https://www.duolingo.com/profile/Keshet59

    I would love to know in what sense the chicken is owed, as others have pointed out. Can I say "tu me dois une voiture?" or even better, "tu me dois une Audi A8, rouge, s'il te plait"


    https://www.duolingo.com/profile/AabLevellen

    You owe someone ore something (an organisation, for example) a chicken. The other phrases seem correct to me.


    [deactivated user]

      Is there a liaison between "dois" and "un?"


      https://www.duolingo.com/profile/Roey639925

      I think the 'questioner' has egg on his face after this one - he has certainly laid a trap!


      https://www.duolingo.com/profile/ninz0r

      This is the most ridiculous sentence I have ever seen. WTF does it even mean?


      https://www.duolingo.com/profile/northernguy

      It means that some circumstance has come about (barter economy, private arrangement, wager) where someone owes someone a chicken.

      In barter economies, chickens are like the currency equivalent of a ten dollar bill as compared to cows which are like thousand dollar bills. Chicken/ten dollar bills are much more suitable for regular transactions than cow/thousand dollar bills.

      People who spend all their lives in large cities in advanced economies can rest assured they will never hear or need to use this phrase. For much of the world's population, including urban populations who look slightly outside their own personal experience, this phrase has some interest.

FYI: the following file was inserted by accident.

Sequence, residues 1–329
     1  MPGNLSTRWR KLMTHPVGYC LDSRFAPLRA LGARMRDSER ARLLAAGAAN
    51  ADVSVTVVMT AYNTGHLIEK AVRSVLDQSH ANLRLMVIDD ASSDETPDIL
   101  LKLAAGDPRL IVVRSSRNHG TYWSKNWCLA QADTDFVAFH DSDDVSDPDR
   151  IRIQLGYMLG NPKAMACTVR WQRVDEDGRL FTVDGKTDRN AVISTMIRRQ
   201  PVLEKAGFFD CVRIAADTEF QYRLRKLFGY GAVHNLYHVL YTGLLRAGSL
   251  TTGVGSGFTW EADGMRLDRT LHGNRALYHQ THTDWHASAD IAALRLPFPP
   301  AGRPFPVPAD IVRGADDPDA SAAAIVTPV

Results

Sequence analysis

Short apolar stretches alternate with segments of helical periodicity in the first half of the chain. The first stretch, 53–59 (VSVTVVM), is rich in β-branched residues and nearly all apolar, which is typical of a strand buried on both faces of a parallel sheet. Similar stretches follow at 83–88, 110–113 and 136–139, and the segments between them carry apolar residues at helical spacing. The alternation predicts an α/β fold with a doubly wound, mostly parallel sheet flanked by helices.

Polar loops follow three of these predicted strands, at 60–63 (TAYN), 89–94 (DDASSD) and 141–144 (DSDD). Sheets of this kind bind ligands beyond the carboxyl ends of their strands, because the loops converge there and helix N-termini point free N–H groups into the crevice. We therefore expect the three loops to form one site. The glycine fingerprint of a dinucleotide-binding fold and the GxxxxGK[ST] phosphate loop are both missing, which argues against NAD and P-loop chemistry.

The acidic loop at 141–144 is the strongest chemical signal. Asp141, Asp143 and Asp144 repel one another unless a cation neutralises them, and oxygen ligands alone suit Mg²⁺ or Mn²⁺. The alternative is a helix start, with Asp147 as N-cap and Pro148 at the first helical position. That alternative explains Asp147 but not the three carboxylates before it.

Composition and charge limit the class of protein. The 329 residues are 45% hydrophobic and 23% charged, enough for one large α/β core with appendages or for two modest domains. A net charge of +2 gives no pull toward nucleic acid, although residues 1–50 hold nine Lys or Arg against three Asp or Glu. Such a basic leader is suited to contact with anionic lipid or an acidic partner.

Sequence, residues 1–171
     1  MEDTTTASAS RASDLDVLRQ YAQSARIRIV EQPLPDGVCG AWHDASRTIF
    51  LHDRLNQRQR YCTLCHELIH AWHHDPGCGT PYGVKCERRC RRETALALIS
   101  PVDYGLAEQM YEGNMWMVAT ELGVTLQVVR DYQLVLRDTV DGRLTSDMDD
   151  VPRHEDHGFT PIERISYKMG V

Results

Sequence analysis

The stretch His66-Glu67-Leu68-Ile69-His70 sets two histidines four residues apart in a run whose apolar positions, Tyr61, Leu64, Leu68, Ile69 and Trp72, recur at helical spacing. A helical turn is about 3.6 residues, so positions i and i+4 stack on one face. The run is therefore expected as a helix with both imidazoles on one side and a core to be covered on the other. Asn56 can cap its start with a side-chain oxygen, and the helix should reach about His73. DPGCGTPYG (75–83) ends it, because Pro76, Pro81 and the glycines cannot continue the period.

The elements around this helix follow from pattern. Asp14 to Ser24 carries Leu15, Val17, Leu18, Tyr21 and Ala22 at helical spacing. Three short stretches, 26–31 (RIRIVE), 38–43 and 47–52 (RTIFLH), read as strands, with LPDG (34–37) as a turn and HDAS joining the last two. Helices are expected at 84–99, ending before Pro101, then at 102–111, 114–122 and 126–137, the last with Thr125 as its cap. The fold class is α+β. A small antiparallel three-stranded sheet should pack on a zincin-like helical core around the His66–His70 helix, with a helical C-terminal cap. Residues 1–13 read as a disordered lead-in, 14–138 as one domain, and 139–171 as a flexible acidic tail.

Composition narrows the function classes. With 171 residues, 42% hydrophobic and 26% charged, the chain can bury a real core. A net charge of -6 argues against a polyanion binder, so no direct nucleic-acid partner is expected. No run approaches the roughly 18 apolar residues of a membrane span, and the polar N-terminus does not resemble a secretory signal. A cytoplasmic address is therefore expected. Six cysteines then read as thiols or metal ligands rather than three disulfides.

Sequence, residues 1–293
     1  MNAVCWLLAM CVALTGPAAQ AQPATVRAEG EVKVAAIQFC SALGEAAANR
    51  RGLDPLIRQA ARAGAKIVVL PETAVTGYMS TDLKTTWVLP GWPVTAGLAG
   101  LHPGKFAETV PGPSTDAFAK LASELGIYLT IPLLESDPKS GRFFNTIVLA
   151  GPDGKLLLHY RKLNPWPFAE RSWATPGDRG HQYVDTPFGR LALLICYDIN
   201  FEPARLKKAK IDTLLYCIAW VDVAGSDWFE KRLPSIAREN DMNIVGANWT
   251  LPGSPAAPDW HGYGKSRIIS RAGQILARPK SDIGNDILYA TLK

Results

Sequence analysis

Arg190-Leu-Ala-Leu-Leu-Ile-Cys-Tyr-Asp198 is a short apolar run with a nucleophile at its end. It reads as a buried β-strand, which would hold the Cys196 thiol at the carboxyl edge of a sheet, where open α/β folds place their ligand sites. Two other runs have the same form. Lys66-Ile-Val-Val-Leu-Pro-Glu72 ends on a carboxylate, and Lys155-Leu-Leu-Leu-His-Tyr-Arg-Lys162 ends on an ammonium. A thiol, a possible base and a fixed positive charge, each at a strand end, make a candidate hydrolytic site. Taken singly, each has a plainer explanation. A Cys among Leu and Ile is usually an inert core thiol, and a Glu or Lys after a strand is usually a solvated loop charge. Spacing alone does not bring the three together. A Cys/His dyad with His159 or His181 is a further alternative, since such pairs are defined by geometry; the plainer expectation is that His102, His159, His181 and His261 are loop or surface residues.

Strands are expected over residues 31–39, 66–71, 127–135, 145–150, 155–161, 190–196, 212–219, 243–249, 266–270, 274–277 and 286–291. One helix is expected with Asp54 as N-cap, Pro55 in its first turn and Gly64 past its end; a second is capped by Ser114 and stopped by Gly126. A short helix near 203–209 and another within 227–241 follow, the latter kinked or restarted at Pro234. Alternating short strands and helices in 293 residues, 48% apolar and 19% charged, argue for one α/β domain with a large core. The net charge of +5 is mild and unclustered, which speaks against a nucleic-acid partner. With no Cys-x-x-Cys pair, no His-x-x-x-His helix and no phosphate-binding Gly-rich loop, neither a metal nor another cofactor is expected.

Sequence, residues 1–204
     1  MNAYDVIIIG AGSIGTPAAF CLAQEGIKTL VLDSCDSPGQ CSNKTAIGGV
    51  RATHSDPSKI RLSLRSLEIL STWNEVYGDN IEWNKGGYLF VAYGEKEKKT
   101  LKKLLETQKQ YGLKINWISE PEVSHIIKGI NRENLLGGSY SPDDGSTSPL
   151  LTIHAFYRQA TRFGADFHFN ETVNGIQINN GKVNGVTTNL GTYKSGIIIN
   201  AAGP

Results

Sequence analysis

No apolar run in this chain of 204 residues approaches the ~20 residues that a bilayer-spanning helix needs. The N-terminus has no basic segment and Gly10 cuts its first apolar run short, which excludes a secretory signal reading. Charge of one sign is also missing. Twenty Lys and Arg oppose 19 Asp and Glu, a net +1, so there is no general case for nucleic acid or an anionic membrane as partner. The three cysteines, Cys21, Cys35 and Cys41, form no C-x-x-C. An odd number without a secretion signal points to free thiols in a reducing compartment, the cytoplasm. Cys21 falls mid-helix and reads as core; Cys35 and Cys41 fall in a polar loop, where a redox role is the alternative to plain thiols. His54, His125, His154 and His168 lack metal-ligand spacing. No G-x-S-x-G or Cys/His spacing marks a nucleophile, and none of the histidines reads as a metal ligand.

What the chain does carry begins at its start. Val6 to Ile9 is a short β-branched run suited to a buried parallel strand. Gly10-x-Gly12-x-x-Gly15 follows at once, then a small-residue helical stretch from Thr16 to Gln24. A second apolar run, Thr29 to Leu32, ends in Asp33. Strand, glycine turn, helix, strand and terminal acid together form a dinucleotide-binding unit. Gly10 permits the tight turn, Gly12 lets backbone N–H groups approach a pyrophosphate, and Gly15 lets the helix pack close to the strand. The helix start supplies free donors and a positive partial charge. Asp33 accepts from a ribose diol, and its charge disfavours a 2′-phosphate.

https://www.duolingo.com/profile/AabLevellen

      Still it might pop up in litterature, plays, movies, documentaries, articles and so on even for the modern city dweller in a monetary society.


      https://www.duolingo.com/profile/Graminthesalmon

      How do we know when dois isn't need? Je dois de l'eau is it that I owe water or that I need it? Or is it only when you need to do something like Je dois etudier?


      https://www.duolingo.com/profile/AabLevellen

      Yes, devoir=to have to do something, to owe something. When you talk about needing something you use besoin de quelque chose.


      https://www.duolingo.com/profile/stephyrae1

      Yes I agree that "besoin" or "Il faut de" is to need something....that's not desperate. However I was taught in High School French that if you are REALLY desperate that you use devoir....Je dois (quelque chose) Comme, JE DOIS FAIRE DU PIPI! :)


      https://www.duolingo.com/profile/managerx

      "devoir" + infinitive = obligation, necessity, probability ... ( + http://french.about.com/od/grammar/a/devoir.htm )

      "devoir" + noun = to owe

      "avoir besoin de" = to need + "falloir" (Example: "Il me faut un stylo." = "I need a pen." )


      https://www.duolingo.com/profile/Feeniqs

      So if I wanna say "I owe you a chicken", I'm guessing it would be "Je te dois un poulet."?


      https://www.duolingo.com/profile/CJuZtd

      Who in the world says 'I owe a chicken?'


      https://www.duolingo.com/profile/Maltagerr

      someone who owes a chicken


      https://www.duolingo.com/profile/JamesLogie

      DuoLingo, I can understand that we need to learn that devoir can mean 'to owe', but this sentence is absolutely useless.